Idaho Falls

August 2019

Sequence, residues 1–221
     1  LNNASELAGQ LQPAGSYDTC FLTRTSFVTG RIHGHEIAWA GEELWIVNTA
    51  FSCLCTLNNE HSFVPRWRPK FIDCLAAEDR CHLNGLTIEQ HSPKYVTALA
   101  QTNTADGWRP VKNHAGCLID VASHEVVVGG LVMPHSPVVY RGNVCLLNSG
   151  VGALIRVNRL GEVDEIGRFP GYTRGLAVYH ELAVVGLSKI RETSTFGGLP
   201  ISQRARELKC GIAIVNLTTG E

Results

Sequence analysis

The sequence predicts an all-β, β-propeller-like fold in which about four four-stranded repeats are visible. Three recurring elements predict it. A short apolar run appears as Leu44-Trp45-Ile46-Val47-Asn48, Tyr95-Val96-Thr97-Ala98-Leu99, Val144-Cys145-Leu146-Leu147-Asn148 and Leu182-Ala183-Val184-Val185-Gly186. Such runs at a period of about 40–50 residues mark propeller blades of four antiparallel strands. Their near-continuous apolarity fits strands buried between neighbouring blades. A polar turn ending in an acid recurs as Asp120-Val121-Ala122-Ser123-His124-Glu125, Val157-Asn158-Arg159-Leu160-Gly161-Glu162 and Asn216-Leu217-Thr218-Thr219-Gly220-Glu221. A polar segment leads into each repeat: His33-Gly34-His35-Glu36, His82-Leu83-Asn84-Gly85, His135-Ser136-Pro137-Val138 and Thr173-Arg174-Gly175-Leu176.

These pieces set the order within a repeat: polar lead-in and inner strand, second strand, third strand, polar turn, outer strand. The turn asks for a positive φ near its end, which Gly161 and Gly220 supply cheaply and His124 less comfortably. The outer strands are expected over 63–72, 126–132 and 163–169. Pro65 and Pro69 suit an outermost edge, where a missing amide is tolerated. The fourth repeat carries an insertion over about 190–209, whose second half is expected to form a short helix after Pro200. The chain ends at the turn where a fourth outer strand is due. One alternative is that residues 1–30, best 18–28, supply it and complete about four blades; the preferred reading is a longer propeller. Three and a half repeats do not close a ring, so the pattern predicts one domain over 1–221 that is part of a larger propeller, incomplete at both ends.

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40 IDAHO FALLS MAGAZINE AUGUST 2019 Kelley Verner grew up in the ballet. She also cared about her natural surroundings. She'd taken ballet lessons since the age of 4. From a long line of Vandals, it wasn't a surprise that she attended the University of Idaho. It wasn't until after her first year of college, however, that she realized she want- ed to pursue a different path — engineering. "If I would have told myself when I was 17 that I would get three engineering degrees, I would have laughed," she said. "I never thought I'd be an engineer." Verner spent the summer after her freshman year as an intern at Buffalo Bill State Park in Wyoming, where the experi- ence working with kids and being in the natural environment prompted her to switch her major to biological and agri- cultural engineering. "After I did dance for a year in college, I realized it's not what I wanted to do for the rest of my life," she said. "I realized I wanted to do the more scientific side of conserving the environment." Verner grew up in Idaho Falls to a family that cared for the outdoors. Her dad was a forester and her mom came from an agricultural upbringing, and both saw the importance of preserving a natural environment. "They basically see our relationship with the environment as being stewards," she said. "People are here to take care of what we do have and responsible energy produc- tion is one of the primary ways humans are impacting the environment." Verner started her academic career at U of I in Moscow but returned home to Idaho Falls for her master's and doctorate degrees. On top of earning a bachelor's in biologi- cal and agricultural engineering from U of I's College of Engineering in 2015, Verner, now 27, received a master's degree in bio- logical engineering in 2017 and is on track to finish her doctorate in nuclear engineer- ing in the fall of 2020. For Verner, returning to Idaho Falls after finishing her undergraduate degree has given her many opportunities for a career in nuclear engineering. "We need all of the help that we can get to slow climate change and improve qual- ity of people's lives with access to energy," Verner said. "In some instances nuclear is the best energy option, while in other circumstances renewables are the better choice. We need both." Although Verner's life is consumed with school and research, she still devotes some time to dancing. She recently per- formed with The Dance Collaborative, a Pocatello dance company that provides continued choreography and performance experience for trained dancers. The Dance Collaborative performs mostly contempo- rary and jazz dance. "I like Idaho Falls, I liked growing up here and all of my family is from here, but the other great thing is the Idaho National Laboratory is here," Verner said. "It's a pretty unique opportunity to be working on my doctorate, but I am also working with researchers at a national lab, so that's pretty unique." Verner will work for the Los Alamos National Lab in New Mexico from May to August 2019 as an intern, modeling differ- ent reactor designs. Depending on where her education and career take her, she plans to stick with dancing as a pastime. And as Verner looks toward 2020, she also has many aspirations for her plans post-graduation. "I would consider going to a national lab," Verner said. "My ultimate goal is to become faculty at a university." A Delicate Dance From the stage to the lab, INL engineer finds balance between competing passions BY KYLIE SMITH, UNIVERSITY OF IDAHO BRIAN BROWN PHOTOGRAPHY PHOTOS IF

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